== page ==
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Poster by Okinawa group aims to foster kinder attitudes toward people infected with virus

Hiroki Tanabe, right, a member of Yuimask Project, a group that created posters which call for and end to discrimination against novel coronavirus patients, is seen in the Okinawa Prefectural Government building in Naha on Sept. 17, 2020. (Mainichi/Takayasu Endo)

NAHA -- A grassroots group in Japan's southernmost prefecture of Okinawa has created a poster that it hopes will help end discrimination against new coronavirus patients by fostering a society in which people feel able to admit they were infected.

    "'I contracted the coronavirus.' A world where we can say this and be thoughtful to one another," reads the poster created by Yuimask Project, a group comprised of business owners, health care workers in the prefecture and others. The group, headed by representative Jun Tamashiro, formed this spring following the spread of the new coronavirus. Okinawa Prefecture was hit with a surge of coronavirus infections from July, which reverberated through educational facilities and medical institutions. A member of the organization said, "We would like this to be an opportunity to create a society where we confront the virus based on accurate information."

    Yuimask Project originally engaged in activities such as using crowdfunded online donations to deliver masks and medical gowns to medical institutions and other places within the prefecture. Although the shortage in medical resources is now resolved, deep-rooted discrimination against patients still remains. This led the members to devise and make the poster with their remaining funds.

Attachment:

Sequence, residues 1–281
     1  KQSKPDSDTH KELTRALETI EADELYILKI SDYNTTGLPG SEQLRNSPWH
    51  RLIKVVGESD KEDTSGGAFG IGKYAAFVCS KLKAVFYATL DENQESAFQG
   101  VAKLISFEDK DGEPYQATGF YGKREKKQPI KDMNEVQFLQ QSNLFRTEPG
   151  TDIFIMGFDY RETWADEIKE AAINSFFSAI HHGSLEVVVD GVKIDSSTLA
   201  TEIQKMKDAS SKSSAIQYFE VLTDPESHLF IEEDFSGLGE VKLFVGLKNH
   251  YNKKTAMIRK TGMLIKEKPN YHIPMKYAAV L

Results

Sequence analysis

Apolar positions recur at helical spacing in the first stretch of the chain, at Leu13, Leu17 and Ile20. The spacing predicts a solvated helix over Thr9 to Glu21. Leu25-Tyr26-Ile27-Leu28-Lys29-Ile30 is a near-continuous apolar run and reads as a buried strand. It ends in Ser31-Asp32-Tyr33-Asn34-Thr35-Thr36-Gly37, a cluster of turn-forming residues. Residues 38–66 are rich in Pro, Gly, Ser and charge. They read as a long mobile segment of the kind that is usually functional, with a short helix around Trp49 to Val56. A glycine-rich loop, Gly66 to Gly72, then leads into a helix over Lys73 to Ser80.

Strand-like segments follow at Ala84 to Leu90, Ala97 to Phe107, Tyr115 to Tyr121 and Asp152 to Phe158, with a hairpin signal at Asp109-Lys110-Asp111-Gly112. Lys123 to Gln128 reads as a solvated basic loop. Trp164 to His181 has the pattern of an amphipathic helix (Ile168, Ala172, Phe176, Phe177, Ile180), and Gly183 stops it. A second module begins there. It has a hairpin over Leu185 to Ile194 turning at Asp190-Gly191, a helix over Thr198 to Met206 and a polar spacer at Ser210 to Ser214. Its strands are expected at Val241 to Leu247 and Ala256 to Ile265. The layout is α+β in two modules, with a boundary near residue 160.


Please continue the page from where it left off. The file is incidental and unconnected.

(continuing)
Yuimask Project member Hiroki Tanabe, second from left, is seen handing a sample poster to Reiko Oshiro, head of the Okinawa Prefectural Government's Department of Public Health and Medical Care, in the Okinawa Prefectural Government building in Naha on Sept. 17, 2020. (Mainichi/Takayasu Endo)

    The poster features a member of the group holding a board with aforementioned message, along with illustrations demonstrating how individuals become more reluctant to be examined or tested when discrimination increases, thereby leading to a vicious cycle of further infections. The poster calls for locals to stop themselves and others from spreading false information and rumors, and to end the practice of "treating infected people as like criminals."

    The group printed 6,000 copies of the poster, and will distribute them to major firms in the prefecture that agree with its objectives. On Sept. 17, 500 posters were donated to the Okinawa Prefectural Government, which it will distribute to educational and welfare facilities. Reiko Oshiro, head of the Okinawa Prefectural Government's Department of Public Health and Medical Care, said, "The prefectural government has also implemented an ordinance banning discrimination and defamation of infected individuals and others, but we're thankful that the group has launched this anti-discrimination movement at a grassroots level."

    Hiroki Tanabe, 41, a member of the group and a manager of a consultancy, talked about his experiences of people he knows contracting the virus, and of having been in close contact with an infected individual. He said, "Rather than searching for who the infected people are, we must take a step back and consider our actions. We'd like to aim for a society where if someone says to you, 'I had coronavirus,' you'll be able to follow up with a, 'Were you alright?' and have the matter end on that kind of note."

    (Japanese original by Takayasu Endo, Naha Bureau)

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